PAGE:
Capital gains: how developing the regions would relieve Dublin and benefit the nation as a whole
THERE is a story many of us would have heard as children; the story of the lion with the thorn in his paw. It’s debilitating for the lion and, surprisingly, it’s a mouse that comes to the rescue, removing the thorn and relieving the pain.
The moral of the story is that the Lion, despite his size and imperiousness, couldn’t do it on his own and needed to turn to others – even a much smaller creature –for relief. It’s a story that parallels strongly with the Ireland we live in today.
Right now, the country is watching to see who will be the next Taoiseach. Whose promise will give them the privilege of running our country? The election hasn’t been short of promises and we will proably hear in the fullness of time an admission that, ‘well, we simply don’t have the money now but it’s on the agenda’.
I recently attended events to mark the 100th birthday of the late Dr. Brendan O Regan, whose contribution to regional development is unrivalled for any one individual and, in making it so, gifted the world phenomena such as duty free airport shopping and free trade zones.
He was, as the bust of him unveiled at Shannon on the centenary of his birth states, a visionary and innovator. Cut from the same cloth as Dr. Ed Walsh, founder or UL, he had vision, drive and a determination to go beyond just dreams and deliver what nobody else could even imagine.
At the celebrations a video clip of Dr. O’Regan recorded all of 13 years ago struck a massive chord. He said: “The location of Shannon on the west…..and associated with the struggle that is going on between the capital and the rest of the country, is very important because Ireland’s greatness in the future depends, I believe, on a successful outcome to that struggle because otherwise we damage our whole country by a congested capital, which is no longer a very pleasant place in which to live because it has unbalanced the population in the rest of the country.”
It’s shocking to think that not alone has that struggle not been resolved but, all of 13 years, it has deepened and is strangling national prosperity.
Dublin is ground down with congestion, has prohibitive housing prices, restricting quality of life and having legions who migrated there for jobs yearning to return home. Large swathes of the regions are, meanwhile, still lingering in early post-crash trauma, struggling to scrape themselves off the ground.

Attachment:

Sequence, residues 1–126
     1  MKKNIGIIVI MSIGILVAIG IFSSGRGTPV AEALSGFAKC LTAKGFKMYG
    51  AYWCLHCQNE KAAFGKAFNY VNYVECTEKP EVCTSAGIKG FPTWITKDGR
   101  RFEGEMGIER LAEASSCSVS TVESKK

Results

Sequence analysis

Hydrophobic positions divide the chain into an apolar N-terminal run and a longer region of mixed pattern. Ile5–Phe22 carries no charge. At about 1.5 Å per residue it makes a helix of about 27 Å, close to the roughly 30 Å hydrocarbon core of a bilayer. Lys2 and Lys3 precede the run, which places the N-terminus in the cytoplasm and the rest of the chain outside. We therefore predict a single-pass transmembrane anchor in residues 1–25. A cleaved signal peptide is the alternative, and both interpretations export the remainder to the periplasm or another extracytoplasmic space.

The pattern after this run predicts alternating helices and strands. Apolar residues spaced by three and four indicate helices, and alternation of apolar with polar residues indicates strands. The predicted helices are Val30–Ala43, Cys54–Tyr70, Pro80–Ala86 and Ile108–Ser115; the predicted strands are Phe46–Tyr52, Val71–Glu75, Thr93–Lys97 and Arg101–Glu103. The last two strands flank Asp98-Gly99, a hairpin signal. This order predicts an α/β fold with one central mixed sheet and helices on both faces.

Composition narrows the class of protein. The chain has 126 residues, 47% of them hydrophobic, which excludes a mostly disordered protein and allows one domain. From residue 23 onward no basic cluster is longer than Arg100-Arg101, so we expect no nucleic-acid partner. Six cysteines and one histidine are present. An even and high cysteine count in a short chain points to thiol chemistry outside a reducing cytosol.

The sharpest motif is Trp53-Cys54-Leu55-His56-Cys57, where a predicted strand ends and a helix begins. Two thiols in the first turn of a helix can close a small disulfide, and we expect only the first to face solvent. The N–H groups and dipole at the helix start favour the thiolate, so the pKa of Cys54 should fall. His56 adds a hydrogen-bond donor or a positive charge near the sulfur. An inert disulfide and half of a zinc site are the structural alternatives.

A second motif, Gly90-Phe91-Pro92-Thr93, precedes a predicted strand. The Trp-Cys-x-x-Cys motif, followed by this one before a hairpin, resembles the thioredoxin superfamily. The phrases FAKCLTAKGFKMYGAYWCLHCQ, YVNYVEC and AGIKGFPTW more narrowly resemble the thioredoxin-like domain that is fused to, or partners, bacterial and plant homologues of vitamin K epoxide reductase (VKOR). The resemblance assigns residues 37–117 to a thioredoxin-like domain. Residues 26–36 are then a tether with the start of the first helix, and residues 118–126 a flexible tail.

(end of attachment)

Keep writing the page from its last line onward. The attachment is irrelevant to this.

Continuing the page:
Dublin is a great city to be in and it deserves to be known as such across the world. But it is not a great city to live in. It was overheating when Dr. O’Regan took aim at regional economic imbalance all those years ago, has simmered ever since to the point that one fears it is about to boiling over.
And what’s worse is there’s no sign of relief. For all the money spent on it, the problems deepen. More and more is spent and the cycle just continues. A merry go round spinning out of control; no direction, just relentless spinning, leaving those on board dizzy with the chaos.
Ireland needs a very strong capital city if it’s going to compete at international level. If we just doing the same thing we have been doing for decades now, Dublin’s appeal will be wiped out.
That’s why the National Planning Framework has such import for the incoming Taoiseach. It will define where people live and work over the next 25 years – a quarter of a century to correct the malaise and imbalance we currently experience as a nation, spread growth to the regions, relieve the pressure on Dublin and create one of the greatest nations on the earth to live in.
Announcing the plan in February, Minister Simon Coveney, under whose brief this rests, said that that three-quarters of the projected population increase of more than one million would be focused on Dublin and the east coast unless action was taken, such as driving the growth of regional cities like Cork, Galway Limerick and Waterford. The NPF vision extends to Sligo becoming a city over the next 25 years, anchoring the North West. If we fail to do that, the chaos not alone continues but deepens.